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Cookies are text files stored on the client computer and they are kept for tracking purpose. PHP transparently supports HTTP cookies.
Your server sends some data to the visitor's browser in the form of a cookie. The browser may accept the cookie. If it does, it is stored as a plain text record on the visitor's hard drive. Now, when the visitor arrives at another page on your site, the browser sends the same cookie to the server for retrieval. Once retrieved, your server knows/remembers what was stored earlier.
The data contained in a cookie is automatically transmitted between the web browser and the web server, so CGI scripts on the server can read and write cookie values that are stored on the client.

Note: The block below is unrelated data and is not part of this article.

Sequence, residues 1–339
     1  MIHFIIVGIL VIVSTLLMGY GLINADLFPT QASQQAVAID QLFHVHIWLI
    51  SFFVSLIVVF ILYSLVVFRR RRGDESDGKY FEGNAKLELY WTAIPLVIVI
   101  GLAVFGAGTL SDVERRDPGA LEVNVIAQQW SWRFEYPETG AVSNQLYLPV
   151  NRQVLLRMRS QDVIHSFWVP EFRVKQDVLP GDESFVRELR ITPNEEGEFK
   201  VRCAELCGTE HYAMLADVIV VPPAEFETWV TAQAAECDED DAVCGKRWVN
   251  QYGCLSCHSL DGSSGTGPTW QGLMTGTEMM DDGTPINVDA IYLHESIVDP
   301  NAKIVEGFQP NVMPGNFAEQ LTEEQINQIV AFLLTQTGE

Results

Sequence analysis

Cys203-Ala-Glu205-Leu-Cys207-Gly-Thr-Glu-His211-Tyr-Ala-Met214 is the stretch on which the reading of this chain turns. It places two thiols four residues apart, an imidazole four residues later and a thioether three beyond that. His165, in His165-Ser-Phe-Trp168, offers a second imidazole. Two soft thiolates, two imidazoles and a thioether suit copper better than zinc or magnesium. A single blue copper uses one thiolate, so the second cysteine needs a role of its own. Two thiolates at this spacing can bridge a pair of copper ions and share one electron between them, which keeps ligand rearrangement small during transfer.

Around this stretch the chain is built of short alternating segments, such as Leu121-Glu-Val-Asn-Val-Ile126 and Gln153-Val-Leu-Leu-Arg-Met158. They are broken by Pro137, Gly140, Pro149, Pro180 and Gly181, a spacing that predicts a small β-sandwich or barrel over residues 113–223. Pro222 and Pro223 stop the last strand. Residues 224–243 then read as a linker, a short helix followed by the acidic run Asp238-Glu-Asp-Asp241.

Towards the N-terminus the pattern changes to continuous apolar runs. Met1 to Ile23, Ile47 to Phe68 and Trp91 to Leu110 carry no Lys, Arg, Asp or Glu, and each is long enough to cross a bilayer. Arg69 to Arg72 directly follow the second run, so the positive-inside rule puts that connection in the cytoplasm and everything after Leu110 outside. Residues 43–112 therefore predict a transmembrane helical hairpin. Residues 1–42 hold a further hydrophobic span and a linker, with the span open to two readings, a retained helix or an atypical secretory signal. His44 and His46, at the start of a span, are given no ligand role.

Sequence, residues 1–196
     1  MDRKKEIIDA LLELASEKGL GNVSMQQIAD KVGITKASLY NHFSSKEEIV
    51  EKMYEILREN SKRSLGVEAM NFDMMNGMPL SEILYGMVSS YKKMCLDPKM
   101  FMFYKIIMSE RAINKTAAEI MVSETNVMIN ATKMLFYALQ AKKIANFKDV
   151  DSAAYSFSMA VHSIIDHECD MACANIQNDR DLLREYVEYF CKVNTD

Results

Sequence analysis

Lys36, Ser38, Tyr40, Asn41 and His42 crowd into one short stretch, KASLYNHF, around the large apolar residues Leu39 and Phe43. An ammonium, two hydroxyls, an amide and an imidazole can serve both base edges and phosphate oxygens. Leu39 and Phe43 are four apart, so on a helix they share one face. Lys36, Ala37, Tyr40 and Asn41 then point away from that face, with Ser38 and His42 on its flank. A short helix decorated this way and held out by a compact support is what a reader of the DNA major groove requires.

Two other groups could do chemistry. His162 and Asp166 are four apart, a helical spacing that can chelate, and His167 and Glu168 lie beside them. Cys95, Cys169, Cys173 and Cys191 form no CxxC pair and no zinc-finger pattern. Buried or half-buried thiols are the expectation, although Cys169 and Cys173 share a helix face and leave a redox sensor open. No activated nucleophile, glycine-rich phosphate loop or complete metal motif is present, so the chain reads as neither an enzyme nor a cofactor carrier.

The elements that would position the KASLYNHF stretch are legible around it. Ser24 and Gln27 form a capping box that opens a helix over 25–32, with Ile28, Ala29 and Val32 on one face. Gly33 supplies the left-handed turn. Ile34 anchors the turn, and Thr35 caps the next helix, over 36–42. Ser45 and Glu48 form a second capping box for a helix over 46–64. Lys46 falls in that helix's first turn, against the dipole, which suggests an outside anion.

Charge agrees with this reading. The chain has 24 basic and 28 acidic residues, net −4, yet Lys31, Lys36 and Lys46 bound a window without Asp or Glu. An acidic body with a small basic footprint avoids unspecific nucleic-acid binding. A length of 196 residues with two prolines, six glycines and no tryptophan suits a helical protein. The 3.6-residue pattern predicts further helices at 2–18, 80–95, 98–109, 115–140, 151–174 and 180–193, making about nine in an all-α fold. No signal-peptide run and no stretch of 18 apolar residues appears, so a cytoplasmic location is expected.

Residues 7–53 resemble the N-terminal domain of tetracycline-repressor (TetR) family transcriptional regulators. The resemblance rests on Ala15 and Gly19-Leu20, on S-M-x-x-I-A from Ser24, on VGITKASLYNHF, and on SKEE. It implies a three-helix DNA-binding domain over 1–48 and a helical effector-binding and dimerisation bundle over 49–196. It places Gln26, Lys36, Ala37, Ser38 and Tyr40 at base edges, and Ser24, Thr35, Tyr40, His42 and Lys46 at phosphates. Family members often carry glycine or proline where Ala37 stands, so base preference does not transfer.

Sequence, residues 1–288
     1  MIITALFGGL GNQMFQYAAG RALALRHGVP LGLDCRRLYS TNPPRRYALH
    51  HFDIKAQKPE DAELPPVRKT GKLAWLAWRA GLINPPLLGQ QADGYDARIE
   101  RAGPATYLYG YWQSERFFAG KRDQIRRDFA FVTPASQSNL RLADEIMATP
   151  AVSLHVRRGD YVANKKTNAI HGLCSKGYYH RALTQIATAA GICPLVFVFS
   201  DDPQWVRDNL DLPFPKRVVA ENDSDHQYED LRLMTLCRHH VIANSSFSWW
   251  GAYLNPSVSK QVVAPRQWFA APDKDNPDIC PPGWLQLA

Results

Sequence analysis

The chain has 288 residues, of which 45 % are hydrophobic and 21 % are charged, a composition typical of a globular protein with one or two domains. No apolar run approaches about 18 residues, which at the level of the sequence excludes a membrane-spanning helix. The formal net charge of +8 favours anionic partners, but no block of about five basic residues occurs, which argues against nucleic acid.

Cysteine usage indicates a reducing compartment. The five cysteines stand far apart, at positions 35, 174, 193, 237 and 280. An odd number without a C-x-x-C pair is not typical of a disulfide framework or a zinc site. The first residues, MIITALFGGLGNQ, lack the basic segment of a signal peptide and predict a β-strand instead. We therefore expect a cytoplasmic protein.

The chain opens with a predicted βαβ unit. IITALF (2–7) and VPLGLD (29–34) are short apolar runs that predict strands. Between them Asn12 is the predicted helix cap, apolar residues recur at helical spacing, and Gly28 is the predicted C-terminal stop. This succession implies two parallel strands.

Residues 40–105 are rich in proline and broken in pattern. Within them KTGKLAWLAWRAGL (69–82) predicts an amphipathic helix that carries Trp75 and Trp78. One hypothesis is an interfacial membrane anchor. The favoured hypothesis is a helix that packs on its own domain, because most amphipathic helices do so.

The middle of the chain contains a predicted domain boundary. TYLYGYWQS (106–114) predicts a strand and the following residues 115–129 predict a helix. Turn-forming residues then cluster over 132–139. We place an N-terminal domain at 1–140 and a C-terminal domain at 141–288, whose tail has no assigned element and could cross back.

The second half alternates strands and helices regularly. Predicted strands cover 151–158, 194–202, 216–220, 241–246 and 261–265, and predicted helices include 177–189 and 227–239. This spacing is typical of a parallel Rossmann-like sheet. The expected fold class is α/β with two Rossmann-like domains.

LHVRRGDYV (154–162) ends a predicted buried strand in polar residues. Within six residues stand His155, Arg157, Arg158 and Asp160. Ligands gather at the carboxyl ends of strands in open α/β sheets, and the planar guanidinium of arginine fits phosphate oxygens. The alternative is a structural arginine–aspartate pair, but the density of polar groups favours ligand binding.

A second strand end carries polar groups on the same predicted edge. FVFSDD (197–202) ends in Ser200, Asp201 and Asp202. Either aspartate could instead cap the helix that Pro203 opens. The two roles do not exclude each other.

How PHP cookies work?
HTTP/1.1 200 OK Date: Fri, 04 Feb 2000 21:03:38 GMT Server: Apache/1.3.9 (UNIX) PHP/4.0b3 Set-Cookie: name = xyz; expires = Friday, 04-Feb-07 22:03:38 GMT; path = /; domain = tutorialspoint.com Connection: close Content-Type: text/html
As you can see, the Set-Cookie header contains a name-value pair, a GMT date, a path and a domain. The name and value will be URL encoded. The “expires” field is an instruction to the browser to "forget" the cookie after the given time and date.
PHP provideS setcookie() function to set a cookie. This function requires upto six arguments and should be called before <html> tag.
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